Vestibular system — n The sensory mechanism in the inner ear that detects movement of the head and helps to control balance.
Imagine a world where your internal gyroscope is not working properly. Very similar to being intoxicated, things seem to move of their own accord, your feet never quite seem to be stable underneath you, and your senses are moving faster or slower than your body.
Your personal steady-cam is broken and whatever you look at tends to move regardless if you are moving. Let’s take that feeling and check out that great new website with animations and parallax scrolling. Does your stomach want to jump out of your throat? Well for many people it does.
What is it?
People with vestibular disorders have a problem with their inner ear. It affects their balance as well as their visual perception of their world around them.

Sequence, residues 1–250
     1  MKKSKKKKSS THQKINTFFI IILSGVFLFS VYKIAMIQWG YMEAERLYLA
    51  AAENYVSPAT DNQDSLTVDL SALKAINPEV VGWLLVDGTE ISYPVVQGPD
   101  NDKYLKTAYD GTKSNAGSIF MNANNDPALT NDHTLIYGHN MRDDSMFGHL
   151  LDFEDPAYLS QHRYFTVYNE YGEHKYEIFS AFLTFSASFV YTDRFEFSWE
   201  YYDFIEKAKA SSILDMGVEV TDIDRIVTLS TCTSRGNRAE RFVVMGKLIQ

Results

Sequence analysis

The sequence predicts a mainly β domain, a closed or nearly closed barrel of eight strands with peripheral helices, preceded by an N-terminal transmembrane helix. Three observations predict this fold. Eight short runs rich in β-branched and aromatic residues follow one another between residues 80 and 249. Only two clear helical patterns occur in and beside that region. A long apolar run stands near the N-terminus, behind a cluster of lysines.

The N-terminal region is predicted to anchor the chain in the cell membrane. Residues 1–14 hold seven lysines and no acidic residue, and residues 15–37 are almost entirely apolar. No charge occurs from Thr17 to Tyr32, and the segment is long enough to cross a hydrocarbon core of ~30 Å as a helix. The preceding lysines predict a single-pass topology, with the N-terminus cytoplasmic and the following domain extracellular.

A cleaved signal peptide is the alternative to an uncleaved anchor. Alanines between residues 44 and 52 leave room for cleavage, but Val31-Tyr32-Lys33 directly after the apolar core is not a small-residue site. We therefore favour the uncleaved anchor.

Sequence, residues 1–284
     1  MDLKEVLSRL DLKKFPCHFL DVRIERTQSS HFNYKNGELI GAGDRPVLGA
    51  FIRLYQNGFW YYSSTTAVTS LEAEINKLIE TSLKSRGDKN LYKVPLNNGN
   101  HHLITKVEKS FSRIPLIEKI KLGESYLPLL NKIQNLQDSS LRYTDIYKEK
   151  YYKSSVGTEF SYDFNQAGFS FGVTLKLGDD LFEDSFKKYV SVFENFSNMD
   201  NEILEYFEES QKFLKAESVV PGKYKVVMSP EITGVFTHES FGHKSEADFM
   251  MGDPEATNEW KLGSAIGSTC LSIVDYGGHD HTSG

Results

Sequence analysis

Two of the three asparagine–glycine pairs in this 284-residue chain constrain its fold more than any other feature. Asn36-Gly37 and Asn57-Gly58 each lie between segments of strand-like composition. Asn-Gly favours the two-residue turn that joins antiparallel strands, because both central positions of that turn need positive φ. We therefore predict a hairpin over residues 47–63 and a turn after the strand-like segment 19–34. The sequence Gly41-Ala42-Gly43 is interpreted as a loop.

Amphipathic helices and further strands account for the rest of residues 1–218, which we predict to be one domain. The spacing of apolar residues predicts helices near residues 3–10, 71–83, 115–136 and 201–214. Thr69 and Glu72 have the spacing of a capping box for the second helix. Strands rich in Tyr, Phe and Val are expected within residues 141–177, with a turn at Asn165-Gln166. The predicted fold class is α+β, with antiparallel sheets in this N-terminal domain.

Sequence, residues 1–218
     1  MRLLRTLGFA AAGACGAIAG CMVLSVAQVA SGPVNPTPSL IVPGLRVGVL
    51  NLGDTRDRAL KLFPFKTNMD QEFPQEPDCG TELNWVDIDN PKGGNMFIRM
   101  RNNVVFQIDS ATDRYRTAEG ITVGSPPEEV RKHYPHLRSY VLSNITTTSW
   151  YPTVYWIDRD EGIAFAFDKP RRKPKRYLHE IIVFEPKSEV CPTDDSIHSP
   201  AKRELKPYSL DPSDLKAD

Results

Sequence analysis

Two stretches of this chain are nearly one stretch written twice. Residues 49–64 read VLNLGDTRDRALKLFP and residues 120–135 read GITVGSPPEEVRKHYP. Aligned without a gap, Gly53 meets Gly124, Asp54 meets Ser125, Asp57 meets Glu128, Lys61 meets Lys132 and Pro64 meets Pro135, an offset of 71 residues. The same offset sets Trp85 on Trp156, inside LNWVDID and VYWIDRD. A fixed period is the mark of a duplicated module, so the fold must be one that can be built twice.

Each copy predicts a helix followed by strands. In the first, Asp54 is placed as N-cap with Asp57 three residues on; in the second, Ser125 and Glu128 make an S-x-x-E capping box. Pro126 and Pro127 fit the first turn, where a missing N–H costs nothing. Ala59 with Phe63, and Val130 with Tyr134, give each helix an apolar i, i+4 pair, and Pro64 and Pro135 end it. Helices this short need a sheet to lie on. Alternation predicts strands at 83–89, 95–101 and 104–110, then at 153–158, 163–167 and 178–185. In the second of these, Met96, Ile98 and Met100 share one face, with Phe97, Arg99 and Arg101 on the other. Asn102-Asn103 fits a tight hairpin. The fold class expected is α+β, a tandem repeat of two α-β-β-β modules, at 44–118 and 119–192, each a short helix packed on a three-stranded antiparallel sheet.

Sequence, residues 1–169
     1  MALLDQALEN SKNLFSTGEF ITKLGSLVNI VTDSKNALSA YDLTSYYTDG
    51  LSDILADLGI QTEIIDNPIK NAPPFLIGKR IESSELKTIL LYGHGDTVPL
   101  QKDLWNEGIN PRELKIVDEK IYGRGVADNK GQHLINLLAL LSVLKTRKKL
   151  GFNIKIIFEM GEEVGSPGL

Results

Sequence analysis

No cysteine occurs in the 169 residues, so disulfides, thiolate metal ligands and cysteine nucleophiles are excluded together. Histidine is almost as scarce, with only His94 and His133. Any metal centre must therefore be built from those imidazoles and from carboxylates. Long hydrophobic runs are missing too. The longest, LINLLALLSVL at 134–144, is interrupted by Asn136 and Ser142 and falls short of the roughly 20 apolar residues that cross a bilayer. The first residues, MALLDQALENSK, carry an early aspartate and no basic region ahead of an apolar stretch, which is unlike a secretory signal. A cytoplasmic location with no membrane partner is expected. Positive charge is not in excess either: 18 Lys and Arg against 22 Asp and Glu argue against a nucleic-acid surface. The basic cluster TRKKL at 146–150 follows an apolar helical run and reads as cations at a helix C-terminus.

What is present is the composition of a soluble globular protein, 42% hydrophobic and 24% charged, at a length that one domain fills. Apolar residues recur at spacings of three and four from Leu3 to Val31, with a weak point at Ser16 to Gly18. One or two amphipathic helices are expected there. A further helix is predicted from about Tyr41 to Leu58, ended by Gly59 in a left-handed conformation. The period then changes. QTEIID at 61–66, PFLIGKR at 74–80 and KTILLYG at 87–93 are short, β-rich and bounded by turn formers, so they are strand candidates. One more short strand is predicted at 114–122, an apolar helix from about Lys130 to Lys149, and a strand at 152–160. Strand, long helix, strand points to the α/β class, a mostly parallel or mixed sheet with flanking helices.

Sometimes the sensation lasts only a short while, but others can suffer it for years. Walking becomes a challenge and they have a constant risk of falling. Concentration is diminished leaving the sufferer unfocused and often unproductive. It is often viewed as a “hidden” disability because it has no outward showing symptoms.
Who is at risk?
The cause may be from illness, injury, or from a genetic anomaly but anyone can suffer from a vestibular disorder. According to vestibular.org, a resource for people with vestibular disorders, as many as 35% of adults aged 40 years or older in the United States have experienced some form of vestibular dysfunction.
What should you consider?
Don’t make animations, sliders, or rapid movement start automatically. Give an indicator of what movement will happen on the site when a user takes action. Allow the user the option to turn off any animation and movement.
- Designing Safer Web Animation For Motion Sensitivity - by Val Head September 8th, 2015